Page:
Republican lawmakers in the Tennessee House began an expedited process to expel three Democratic representatives who participated in a protest against gun violence on the floor last week following the mass shooting at Nashville’s Covenant School. The Democrats led protest chants without being recognized to speak, The Tennessean reported, an action House leadership characterized as an “insurrection.”
The introduction of the expulsion resolutions on Monday, the same day thousands of Nashville students walked out of school and rallied for gun reform at the Capitol, was followed by chaos: Observing protesters yelled and chanted “Fascists! Fascists!” before state troopers physically removed some from the crowd; lawmakers confronted one another on the floor; and one of the targeted Democrats later accused another member of stealing his phone and “trying to incite a riot.”
Though expulsion is extraordinarily rare in the state House — and a partisan expulsion vote would be “unprecedented” — the Democrats have little hope of staying in office: The body is controlled by a Republican supermajority, and the initial resolutions passed in a party-line vote. The final vote is scheduled for Thursday.
What to Know Today
During a student protest against gun violence at the Tennessee Capitol on Monday, Republican state Representative William Lamberth rhetorically asked demonstrators to let him know “if there is a firearm out there that you’re comfortable being shot with.” [HuffPost]
The Virginia teacher who was shot by her 6-year-old student in January is suing the Newport News School Board and school officials for $40 million in damages, alleging administrators failed to respond to multiple warnings before the shooting. [Courthouse News]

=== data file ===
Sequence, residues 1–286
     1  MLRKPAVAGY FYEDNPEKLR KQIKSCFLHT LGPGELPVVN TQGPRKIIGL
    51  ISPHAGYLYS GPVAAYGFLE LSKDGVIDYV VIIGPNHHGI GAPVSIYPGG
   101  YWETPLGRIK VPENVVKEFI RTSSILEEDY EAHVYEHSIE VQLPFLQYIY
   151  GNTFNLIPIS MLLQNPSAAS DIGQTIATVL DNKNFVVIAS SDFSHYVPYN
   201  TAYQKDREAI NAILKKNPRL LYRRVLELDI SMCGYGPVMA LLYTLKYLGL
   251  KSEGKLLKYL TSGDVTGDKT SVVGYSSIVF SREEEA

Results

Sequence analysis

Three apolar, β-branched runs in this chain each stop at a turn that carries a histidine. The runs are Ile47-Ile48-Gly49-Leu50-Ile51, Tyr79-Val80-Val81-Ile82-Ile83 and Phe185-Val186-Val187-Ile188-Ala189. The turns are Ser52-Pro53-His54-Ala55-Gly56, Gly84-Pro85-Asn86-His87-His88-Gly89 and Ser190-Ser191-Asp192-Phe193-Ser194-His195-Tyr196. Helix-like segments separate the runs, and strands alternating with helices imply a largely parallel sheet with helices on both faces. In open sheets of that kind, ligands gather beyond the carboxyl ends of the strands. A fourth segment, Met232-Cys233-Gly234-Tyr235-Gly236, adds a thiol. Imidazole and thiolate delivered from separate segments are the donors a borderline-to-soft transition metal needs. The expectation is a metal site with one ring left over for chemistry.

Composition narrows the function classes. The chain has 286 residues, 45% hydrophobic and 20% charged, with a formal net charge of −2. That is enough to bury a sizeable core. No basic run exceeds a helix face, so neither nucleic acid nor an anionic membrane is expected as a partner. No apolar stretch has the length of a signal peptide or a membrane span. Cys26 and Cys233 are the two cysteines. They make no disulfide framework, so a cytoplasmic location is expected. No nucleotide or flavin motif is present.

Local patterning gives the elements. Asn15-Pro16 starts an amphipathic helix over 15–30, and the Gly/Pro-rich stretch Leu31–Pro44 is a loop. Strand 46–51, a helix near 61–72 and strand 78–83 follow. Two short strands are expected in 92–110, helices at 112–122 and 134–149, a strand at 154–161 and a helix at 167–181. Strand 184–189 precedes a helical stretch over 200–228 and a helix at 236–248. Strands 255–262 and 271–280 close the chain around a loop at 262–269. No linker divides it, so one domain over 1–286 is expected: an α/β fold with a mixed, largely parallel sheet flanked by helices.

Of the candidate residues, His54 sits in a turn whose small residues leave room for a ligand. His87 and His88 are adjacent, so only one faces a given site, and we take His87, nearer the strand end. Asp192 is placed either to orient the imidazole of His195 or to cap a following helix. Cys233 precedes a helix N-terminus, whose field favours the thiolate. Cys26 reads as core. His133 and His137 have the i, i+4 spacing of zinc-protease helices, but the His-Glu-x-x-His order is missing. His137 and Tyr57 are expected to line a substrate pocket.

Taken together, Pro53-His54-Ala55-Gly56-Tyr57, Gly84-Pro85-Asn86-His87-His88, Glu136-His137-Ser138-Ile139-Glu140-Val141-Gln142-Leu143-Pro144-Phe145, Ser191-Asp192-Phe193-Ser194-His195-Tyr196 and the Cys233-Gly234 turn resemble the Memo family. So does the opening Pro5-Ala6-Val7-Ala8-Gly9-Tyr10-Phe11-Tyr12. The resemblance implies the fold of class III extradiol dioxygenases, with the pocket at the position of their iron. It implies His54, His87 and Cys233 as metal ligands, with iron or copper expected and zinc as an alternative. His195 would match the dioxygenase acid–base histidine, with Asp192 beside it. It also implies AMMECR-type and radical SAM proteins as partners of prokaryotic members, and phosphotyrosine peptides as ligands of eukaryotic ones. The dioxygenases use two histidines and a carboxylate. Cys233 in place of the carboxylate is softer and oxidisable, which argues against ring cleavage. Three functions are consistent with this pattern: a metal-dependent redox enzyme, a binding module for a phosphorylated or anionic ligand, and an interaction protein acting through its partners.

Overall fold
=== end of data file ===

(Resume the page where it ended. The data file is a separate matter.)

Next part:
A 27-year-old white man reportedly armed with more than 1,000 rounds of ammo, several guns, and an assortment of other deadly weapons was arrested on the campus of North Carolina A&T State University, a historically Black college that was targeted by racist bomb threats last year. Students and parents are criticizing the university for initially denying reports that an armed man was on campus. [NewsOne]
The National Tracing Center performs one of the ATF’s most important jobs: understanding a gun’s path from production to its use in a crime. Why are efforts to modernize the center stalled in Congress? [Politico]
California’s program to seize guns from people prohibited by courts from possessing them is mired in a huge backlog: Since 2021, at least 23,000 people flagged by the program have remained armed. [CalMatters]
Florida’s permitless carry law eliminates the requirement for gun owners to obtain a training certificate. Many firearm instructors say safely carrying a gun requires even more training than the previous mandate demanded. [Tampa Bay Times] Context: With Florida’s law, permitless carry measures are now on the books in the majority of states. Most Americans, though, still live in states that require a permit or license to carry concealed firearms.
A federal judge reluctantly struck down a Minnesota law preventing adults under 21 from applying for carry permits, concluding that the restriction is inconsistent with Bruen. The law will remain in place while the state appeals the decision. [Associated Press]
Victims of domestic violence or human trafficking in California who are charged with violent crimes may soon be able to use evidence of their abuse in their defense at criminal trials. [Los Angeles Times]
“I Asked the ATF for Crime Gun Data. A Court Says the Agency Has to Finally Hand It Over”: In early 2017, The Trace’s Alain Stephens filed a public records request with the ATF to answer a simple question: How many guns once owned by police departments had been found at crime scenes? A spokesperson said that former police guns were indeed ending up in crimes — but refused to provide any additional details.